The name itself nearly defines its most important feature: Toughbook—a rugged notebook laptop strong enough to withstand the unpredictable environment of inside a police vehicle (and out). If you’re like me, you’ll remember when computers weren’t made for your pocket. While we now have tablets, smartphones, and all the other devices connecting to a wireless internet of things network, one can say that it was the laptop that cut the cord into the mobile work industry.
Panasonic System Communications Co. of North AmericaAs synonymous as “cellular networks” is to today’s smartphones, and “Wi-Fi” is to laptops, “rugged notebook computer” can be compared to the Goliath that is the Toughbook brand.
Just this past April, Panasonic, a FirstNet Master Dealer, announced that it’s Toughbook 33 and 54 models will be FirstNet Ready. As stated in the official release, for Panasonic, this move signifies “Panasonic’s commitment to equipping first responders with the reliable tools and seamless communication they need to protect their communities.”
There aren’t any new boards to install yourself. No USB drives to plug in. The device is either ready, or it isn’t. Panasonic worked with Sierra Wireless, a provider of integrated device-to-cloud solutions for the internet of things for a FirstNet-compatible LTE modem and SIM card supporting Band 14. It’s this partnership where you’ll find the logo—the only marking that would label your device is covertly inside. This was done intentionally to allow any users in the field to still utilize their Toughbook without a sticker giving-up crucial information. Think about it, the only people who would be connected to FirstNet would be those in public safety. There are no “FirstNet-Ready” stickers letting everyone know you’re a law enforcement officer on these new machines.
Panasonic System Communications Co. of North AmericaAs explained in their release, “Panasonic engineers built the AirPrime EM7511 Band 14-compatible module into the Toughbook 33 and Toughbook 54 and will continue to integrate this module into a diverse range of TOUGHBOOK devices, including 2-in-1 devices, tablets, and other hardware solutions trusted by first responders around the globe.”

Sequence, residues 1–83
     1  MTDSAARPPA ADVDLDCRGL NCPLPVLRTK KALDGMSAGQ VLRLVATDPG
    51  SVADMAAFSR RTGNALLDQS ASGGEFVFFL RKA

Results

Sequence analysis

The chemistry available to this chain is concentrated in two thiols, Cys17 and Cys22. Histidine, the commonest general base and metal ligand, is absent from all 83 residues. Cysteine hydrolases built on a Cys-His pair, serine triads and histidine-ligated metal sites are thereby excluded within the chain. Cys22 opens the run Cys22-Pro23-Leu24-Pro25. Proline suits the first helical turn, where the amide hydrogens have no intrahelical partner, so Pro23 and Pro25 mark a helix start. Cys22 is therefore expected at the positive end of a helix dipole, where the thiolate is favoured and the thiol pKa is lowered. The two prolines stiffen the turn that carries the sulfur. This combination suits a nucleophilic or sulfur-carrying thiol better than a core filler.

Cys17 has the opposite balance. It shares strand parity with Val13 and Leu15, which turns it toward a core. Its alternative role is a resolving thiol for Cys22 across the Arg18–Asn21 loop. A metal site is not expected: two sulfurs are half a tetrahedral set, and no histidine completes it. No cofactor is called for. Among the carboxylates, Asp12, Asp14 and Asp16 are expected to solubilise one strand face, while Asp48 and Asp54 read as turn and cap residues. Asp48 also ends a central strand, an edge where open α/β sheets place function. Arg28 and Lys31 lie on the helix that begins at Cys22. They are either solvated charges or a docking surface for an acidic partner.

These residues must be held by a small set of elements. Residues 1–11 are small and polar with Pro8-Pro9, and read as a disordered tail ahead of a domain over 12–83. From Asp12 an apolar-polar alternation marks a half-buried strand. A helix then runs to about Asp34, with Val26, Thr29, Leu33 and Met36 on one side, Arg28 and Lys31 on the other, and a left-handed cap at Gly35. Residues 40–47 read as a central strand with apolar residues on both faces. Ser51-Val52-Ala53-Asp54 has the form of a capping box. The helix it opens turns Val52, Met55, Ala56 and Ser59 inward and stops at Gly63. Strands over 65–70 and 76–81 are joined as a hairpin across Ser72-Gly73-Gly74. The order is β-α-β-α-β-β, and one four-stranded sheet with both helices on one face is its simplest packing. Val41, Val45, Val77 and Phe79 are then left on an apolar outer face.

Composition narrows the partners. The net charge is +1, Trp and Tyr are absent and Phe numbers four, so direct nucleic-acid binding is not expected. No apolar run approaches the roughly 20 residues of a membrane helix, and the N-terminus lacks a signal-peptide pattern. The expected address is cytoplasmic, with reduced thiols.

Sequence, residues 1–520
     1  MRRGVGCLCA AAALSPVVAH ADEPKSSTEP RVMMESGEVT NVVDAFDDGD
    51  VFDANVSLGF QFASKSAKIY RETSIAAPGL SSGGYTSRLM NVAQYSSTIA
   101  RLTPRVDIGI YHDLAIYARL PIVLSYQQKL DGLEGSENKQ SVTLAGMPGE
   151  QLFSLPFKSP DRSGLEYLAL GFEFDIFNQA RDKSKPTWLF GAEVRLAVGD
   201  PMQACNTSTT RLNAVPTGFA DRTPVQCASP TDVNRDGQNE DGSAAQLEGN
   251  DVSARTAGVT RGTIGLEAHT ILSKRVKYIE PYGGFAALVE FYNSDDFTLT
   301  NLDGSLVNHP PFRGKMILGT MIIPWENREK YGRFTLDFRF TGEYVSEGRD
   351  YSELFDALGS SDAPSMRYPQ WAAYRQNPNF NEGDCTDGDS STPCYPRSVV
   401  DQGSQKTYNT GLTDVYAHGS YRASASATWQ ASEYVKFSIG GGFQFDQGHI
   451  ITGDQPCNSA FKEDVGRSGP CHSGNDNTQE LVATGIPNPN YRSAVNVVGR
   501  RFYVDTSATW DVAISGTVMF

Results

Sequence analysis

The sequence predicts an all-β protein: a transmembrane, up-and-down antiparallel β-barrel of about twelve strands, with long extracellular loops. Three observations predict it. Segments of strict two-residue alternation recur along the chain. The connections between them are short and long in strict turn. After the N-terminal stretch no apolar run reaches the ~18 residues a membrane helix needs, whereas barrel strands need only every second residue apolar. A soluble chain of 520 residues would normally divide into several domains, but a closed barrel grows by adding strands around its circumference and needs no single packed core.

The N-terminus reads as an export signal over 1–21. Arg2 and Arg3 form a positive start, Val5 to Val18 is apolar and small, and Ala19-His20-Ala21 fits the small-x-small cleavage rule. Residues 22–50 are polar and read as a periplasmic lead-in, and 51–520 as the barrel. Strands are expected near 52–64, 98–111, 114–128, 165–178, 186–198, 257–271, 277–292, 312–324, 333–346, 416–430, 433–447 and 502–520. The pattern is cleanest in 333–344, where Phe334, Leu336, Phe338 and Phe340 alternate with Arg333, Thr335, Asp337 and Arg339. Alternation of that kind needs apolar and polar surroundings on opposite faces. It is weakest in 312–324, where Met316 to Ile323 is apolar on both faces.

However, in order to receive the Sierra Wireless technology into your Toughbook, agencies will have to purchase a new computer. These won’t be any different than your current models. You will still be able to utilize any equipment your agency has already invested.
Panasonic isn’t stopping here though. They have plans to have other devices such as the CF-20 for the EMS market and M1 “FirstNet Ready” by the end of this year. Though these devices are able to connect to the network, they are not able to connect to Band 14, while “First Net Ready” devices are able to use this spectrum where it’s available.
Panasonic’s FirstNet Master Dealer status allows them to authorize dealers and suppliers around the country to assist your agency in upgrading to the FirstNet-ready devices. This allows your department to use the local authorized shop and continue to utilize trusted contacts. On top of that, Panasonic reports that its engineers are available to come out to and assist the process. New customers have a 30-day trial process to ensure coverage for demo purposes.
There’s no magic wand without a significant budget. Upgrading computers for an entire agency can become costly. Thankfully Panasonic’s Grants Support Program will assist with grant information, consultation and more. All an agency has to do is ask. Contact information can be found at na.panasonic.com/us/government-contracts/grant-support-program.